Average Age of US Cars Hits Record 12.2 Years in Fifth Straight Annual Increase


Cars on US roads are as old as they’ve ever been, potentially complicating efforts to expand using recent safety and emissions-reduction technologies.

The age of sunshine vehicles domestically is now 12.2 years on average, up almost two months from last 12 months’s figure, based on S&P Global Mobility. That’s a record high and marks the fifth straight 12 months of increases.

Analysts at the info provider pointed to the worldwide microchip shortage, supply-chain snags and inventory challenges – all of which likely kept drivers of their old cars longer. The rising cost of recent vehicles – $46,526 last month, based on Kelley Blue Book – was one other deterrent for prospective buyers.

The mixture could put a damper on manufacturers’ efforts to introduce newer safety technologies and to spur faster adoption of more fuel-efficient hybrid and electric vehicles.

“Every part goes to be delayed relating to MPGs because recent vehicles are selling at a lower rate than expected,” Todd Campau, associate director of aftermarket solutions at S&P Global Mobility, said in an interview.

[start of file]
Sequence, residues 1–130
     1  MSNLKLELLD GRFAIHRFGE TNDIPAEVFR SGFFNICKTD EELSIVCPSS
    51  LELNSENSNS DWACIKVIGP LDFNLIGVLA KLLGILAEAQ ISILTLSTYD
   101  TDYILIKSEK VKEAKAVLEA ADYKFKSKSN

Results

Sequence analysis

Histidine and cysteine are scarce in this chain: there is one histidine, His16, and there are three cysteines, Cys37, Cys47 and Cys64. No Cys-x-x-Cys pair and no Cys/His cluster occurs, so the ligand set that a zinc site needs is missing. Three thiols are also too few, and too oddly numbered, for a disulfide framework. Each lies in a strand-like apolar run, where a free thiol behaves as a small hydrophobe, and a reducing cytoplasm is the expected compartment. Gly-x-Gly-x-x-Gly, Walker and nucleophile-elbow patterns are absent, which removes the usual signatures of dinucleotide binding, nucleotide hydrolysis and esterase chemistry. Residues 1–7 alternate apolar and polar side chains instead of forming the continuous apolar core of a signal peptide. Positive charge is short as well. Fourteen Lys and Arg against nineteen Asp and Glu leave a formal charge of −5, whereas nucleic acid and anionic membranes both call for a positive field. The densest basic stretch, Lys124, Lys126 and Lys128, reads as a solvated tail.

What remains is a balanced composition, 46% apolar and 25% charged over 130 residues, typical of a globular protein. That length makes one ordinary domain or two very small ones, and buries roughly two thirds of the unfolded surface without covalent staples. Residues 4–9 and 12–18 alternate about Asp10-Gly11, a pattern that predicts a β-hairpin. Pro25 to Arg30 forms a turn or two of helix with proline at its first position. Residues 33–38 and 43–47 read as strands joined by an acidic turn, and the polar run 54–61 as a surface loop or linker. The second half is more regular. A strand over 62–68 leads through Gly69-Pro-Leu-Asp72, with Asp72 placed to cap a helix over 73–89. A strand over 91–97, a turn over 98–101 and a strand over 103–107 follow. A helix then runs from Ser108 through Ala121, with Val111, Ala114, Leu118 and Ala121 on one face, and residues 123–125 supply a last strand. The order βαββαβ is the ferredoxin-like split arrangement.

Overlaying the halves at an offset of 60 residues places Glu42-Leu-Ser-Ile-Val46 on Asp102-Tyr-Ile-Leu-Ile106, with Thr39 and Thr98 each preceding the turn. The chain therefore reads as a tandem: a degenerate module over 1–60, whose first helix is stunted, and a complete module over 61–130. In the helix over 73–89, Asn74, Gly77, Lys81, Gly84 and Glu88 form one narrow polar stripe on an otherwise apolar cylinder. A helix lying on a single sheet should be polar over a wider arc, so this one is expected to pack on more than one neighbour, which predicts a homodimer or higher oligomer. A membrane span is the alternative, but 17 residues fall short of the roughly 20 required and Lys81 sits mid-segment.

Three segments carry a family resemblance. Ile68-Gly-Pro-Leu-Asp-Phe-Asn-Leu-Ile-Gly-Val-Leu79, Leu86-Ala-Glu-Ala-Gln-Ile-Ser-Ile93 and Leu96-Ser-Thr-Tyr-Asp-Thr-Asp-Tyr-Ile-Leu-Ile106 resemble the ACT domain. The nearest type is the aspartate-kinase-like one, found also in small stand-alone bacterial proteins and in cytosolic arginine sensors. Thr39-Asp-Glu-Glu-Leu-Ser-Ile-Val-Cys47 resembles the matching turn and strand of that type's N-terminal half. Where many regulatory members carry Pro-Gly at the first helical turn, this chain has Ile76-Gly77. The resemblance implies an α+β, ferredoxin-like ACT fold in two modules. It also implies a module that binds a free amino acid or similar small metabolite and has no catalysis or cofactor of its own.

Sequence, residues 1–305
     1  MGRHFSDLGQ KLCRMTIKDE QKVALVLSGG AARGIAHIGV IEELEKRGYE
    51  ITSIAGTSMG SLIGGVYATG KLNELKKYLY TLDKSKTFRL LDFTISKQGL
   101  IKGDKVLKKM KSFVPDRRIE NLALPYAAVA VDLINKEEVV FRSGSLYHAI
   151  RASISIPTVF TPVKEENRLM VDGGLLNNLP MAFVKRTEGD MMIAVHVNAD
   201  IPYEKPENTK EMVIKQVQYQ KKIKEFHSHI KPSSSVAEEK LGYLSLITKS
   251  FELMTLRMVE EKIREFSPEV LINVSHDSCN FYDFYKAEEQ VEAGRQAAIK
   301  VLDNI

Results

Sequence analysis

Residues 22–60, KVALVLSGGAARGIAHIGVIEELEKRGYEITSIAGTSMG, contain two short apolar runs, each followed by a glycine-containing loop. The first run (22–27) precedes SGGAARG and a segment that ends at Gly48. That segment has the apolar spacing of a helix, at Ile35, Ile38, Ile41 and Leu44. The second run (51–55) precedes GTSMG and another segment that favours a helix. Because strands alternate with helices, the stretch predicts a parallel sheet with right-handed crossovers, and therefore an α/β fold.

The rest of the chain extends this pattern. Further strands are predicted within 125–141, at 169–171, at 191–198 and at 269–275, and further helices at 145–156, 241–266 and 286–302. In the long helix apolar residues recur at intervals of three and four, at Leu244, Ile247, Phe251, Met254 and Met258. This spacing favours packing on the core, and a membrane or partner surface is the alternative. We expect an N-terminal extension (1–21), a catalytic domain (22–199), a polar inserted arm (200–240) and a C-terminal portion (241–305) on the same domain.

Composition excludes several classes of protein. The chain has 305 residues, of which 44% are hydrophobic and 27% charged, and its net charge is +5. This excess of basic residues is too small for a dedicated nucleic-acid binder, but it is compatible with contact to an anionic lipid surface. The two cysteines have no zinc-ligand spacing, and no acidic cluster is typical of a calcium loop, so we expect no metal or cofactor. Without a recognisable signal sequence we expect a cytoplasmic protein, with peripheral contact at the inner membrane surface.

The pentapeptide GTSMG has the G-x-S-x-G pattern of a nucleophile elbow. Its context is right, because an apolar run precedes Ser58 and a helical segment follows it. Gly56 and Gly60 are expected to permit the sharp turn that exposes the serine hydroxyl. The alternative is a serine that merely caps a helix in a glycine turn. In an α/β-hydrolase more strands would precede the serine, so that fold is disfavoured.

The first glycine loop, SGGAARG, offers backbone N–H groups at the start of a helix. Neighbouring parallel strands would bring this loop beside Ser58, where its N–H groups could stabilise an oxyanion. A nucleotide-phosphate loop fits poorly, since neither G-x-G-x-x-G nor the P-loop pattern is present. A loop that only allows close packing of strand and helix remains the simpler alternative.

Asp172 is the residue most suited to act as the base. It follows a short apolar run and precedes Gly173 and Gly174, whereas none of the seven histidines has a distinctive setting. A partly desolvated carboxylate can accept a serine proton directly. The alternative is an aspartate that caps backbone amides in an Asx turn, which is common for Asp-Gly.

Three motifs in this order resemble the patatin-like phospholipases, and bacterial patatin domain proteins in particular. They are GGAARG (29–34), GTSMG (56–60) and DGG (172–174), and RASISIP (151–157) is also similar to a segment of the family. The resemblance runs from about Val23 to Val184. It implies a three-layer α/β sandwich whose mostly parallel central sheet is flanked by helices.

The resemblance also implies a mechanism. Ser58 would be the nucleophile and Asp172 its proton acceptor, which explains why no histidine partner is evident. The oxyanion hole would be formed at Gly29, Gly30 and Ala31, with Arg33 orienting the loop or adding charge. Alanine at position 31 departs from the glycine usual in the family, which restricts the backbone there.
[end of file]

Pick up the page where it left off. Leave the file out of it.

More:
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Carmakers sold over 15 million recent cars within the US in 2021, based on Cox Automotive data. EVs made up just over 3% of the full, with hybrids accounting for one more 6.4%.

Campau said along with getting older, US cars are facing more wear and tear as overall driving levels have bounced back from lows firstly of the Covid-19 pandemic. The group said the vehicles averaged 12,300 miles in 2021, up greater than 10% from the prior 12 months.

“Coupled with increasing average age, strong average vehicle miles traveled points to the potential for a notable increase in repair revenue in the approaching 12 months,” Campau said.


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